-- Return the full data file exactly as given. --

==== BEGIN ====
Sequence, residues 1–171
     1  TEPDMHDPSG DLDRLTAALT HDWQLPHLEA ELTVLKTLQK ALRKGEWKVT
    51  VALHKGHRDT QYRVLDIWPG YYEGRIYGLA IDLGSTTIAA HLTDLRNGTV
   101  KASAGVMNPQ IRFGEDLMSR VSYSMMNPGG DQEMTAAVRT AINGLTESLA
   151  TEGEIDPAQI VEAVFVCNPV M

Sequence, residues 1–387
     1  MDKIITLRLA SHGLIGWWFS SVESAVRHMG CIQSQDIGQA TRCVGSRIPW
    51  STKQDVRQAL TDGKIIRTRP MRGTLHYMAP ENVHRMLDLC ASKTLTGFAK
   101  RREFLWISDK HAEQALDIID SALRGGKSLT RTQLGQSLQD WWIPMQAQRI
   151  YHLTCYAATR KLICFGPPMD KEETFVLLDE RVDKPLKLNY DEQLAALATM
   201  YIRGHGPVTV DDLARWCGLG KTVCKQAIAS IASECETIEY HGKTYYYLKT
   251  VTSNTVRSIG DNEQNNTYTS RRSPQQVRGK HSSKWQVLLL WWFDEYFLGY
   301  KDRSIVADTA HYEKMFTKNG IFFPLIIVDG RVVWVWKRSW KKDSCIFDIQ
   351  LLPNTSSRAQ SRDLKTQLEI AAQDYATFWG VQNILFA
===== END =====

Sequence, residues 1–171
     1  TEPDMHDPSG DLDRLTAALT HDWQLPHLEA ELTVLKTLQK ALRKGEWKVT
    51  VALHKGHRDT QYRVLDIWPG YYEGRIYGLA IDLGSTTIAA HLTDLRNGTV
   101  KASAGVMNPQ IRFGEDLMSR VSYSMMNPGG DQEMTAAVRT AINGLTESLA
   151  TEGEIDPAQI VEAVFVCNPV M

Sequence, residues 1–387
     1  MDKIITLRLA SHGLIGWWFS SVESAVRHMG CIQSQDIGQA TRCVGSRIPW
    51  STKQDVRQAL TDGKIIRTRP MRGTLHYMAP ENVHRMLDLC ASKTLTGFAK
   101  RREFLWISDK HAEQALDIID SALRGGKSLT RTQLGQSLQD WWIPMQAQRI
   151  YHLTCYAATR KLICFGPPMD KEETFVLLDE RVDKPLKLNY DEQLAALATM
   201  YIRGHGPVTV DDLARWCGLG KTVCKQAIAS IASECETIEY HGKTYYYLKT
   251  VTSNTVRSIG DNEQNNTYTS RRSPQQVRGK HSSKWQVLLL WWFDEYFLGY
   301  KDRSIVADTA HYEKMFTKNG IFFPLIIVDG RVVWVWKRSW KKDSCIFDIQ
   351  LLPNTSSRAQ SRDLKTQLEI AAQDYATFWG VQNILFA